Hosts of the show Reidenberg and Evans; while Reidenberg gets to play with cute newborn animals, Evans has to manually extract elephant sperm…

Remember those trips to the zoo as a kid when the chaperones would try and brush children past animals that were getting a little too “frisky?”  The best thing about Sex in the Wild in my opinion is that it doesn’t try and brush past or “dumb down” its subject in an effort to make the program more digestible for potentially sensitive viewers: sex is, after all, a natural process and one that is absolutely vital to any living species. As might be expected from a PBS program, Sex in the Wild is generally pretty sober and is put together extremely well – even if it does (perhaps inevitably) have a few “look and point” or “EWW!” moments. This initial episode made nice use of footage recorded under controlled situations (i.e. with elephants that were held in semi-captivity) as well as scenes showing elephants roaming freely in the wild, and a variety of camera techniques (including aerial shots and infrared cameras) were used to record the action. Editing during the documentary was slickly executed with the narration provided by Reidenberg and Evans explaining what we’re seeing onscreen quite well. I also thought the ponderous music score fit the mood of the program perfectly.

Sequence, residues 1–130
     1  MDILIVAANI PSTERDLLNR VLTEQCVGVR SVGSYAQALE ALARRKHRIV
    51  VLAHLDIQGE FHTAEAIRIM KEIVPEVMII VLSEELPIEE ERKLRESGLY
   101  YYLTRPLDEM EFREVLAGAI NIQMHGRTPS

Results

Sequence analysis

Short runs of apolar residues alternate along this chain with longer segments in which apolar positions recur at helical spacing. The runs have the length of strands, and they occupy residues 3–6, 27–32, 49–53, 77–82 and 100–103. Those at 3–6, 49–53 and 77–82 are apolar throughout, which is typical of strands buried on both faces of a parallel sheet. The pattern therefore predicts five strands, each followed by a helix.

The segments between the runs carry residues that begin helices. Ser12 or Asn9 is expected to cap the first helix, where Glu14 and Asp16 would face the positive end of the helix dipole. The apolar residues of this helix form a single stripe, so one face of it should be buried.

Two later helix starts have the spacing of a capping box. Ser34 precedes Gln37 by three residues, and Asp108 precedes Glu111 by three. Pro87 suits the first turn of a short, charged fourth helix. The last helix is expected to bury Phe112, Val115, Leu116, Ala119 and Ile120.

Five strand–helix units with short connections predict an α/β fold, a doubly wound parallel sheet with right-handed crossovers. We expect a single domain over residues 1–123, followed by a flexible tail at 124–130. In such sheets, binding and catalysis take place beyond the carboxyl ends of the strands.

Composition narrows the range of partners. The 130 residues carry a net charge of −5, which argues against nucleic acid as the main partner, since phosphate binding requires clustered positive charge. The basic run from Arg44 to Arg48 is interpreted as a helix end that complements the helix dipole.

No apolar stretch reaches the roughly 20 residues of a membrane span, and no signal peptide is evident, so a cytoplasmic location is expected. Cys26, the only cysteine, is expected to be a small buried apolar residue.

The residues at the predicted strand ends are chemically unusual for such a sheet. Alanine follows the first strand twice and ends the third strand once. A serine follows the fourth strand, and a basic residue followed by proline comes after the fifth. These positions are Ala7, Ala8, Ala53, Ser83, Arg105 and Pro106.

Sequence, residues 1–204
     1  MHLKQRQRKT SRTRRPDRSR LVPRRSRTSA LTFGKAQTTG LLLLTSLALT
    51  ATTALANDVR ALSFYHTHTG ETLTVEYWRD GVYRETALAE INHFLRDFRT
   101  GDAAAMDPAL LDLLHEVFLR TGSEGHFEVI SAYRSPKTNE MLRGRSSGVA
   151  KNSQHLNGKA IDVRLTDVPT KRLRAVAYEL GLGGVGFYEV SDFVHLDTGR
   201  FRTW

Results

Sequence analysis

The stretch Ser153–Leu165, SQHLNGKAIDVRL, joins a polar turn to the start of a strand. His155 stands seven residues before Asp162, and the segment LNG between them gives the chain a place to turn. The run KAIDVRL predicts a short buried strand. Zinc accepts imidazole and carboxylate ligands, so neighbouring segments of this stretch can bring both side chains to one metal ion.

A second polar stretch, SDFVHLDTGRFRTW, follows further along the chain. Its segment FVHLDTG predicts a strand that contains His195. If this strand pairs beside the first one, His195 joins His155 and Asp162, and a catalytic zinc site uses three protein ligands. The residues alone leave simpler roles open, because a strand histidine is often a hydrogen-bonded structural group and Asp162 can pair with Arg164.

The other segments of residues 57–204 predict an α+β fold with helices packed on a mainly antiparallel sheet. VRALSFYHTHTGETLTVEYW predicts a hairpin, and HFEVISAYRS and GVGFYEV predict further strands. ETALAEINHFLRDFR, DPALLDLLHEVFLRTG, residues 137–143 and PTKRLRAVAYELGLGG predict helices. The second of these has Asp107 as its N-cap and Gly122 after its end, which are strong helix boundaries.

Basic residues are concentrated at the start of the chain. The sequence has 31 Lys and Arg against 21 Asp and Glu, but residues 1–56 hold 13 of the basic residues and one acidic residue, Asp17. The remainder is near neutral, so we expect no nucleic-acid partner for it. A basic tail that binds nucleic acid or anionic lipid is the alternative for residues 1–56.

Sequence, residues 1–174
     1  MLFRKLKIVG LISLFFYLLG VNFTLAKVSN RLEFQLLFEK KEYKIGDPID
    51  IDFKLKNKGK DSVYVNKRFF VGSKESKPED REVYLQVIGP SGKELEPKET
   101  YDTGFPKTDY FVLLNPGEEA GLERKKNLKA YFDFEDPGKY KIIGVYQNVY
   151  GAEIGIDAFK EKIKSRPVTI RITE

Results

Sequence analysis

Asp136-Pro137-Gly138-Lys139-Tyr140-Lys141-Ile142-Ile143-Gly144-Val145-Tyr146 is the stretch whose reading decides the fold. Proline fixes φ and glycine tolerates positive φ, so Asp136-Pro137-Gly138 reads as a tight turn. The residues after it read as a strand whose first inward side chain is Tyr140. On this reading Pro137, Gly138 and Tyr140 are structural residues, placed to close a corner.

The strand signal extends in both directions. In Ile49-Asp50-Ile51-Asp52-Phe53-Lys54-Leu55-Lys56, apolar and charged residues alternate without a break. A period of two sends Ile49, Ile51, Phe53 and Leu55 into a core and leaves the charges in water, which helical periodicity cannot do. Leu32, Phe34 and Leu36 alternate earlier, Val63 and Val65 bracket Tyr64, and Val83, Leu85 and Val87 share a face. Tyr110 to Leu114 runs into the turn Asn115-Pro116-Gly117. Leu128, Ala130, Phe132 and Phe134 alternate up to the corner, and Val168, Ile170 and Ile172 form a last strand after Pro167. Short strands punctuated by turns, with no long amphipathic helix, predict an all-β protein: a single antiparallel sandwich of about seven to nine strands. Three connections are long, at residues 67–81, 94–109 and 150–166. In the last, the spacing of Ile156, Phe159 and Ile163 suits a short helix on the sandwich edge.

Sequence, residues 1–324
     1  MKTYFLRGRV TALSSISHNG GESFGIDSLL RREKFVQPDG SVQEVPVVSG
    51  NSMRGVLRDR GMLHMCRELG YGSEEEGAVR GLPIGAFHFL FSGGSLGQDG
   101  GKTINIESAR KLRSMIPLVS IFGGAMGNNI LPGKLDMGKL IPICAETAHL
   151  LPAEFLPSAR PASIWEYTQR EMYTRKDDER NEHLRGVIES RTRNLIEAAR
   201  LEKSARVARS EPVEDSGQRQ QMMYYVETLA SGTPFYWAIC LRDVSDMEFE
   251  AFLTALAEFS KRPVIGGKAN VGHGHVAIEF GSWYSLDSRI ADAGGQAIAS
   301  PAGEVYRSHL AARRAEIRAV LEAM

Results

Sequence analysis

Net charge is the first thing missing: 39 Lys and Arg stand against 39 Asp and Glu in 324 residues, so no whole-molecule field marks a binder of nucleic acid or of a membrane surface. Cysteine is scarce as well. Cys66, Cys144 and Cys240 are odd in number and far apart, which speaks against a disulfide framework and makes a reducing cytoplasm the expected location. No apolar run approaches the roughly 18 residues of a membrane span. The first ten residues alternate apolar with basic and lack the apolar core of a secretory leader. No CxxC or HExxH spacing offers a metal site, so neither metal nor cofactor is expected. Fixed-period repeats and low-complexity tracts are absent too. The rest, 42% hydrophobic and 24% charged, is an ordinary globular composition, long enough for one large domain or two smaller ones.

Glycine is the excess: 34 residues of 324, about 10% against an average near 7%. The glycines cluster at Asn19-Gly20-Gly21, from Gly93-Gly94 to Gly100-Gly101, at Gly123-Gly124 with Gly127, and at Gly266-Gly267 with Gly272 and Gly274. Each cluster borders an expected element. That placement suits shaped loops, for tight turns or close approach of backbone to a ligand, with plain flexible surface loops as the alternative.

Coming soon to a PBS station near you: ROMEO and JULIET as played by kangaroos…

I suppose it goes without say that this program would not be appropriate for or to the taste of some viewers; it may be the most obviously potentially objectionable program on PBS – but is it really that awful in the bigger scheme of things? Sex in the Wild (which will have a four-episode run this summer – orangutans, kangaroos, and dolphins being the other topics – with future episodes to be decided upon later) certainly has a few moments that might make some people uncomfortable, but I think the educational value of the program makes it more than just a show to gawk at. Ending on a bit of a bittersweet note, this first episode definitely held my interest throughout its hour-long run time and presented a wealth of information that I would not otherwise have known. If nothing else, this program proves that even as most “educational” channels continue to cop out with lowbrow reality television, PBS’s lineup of new programs and established staples (NovaHistory Detectives, and Frontline are outstanding) remains as strong as ever.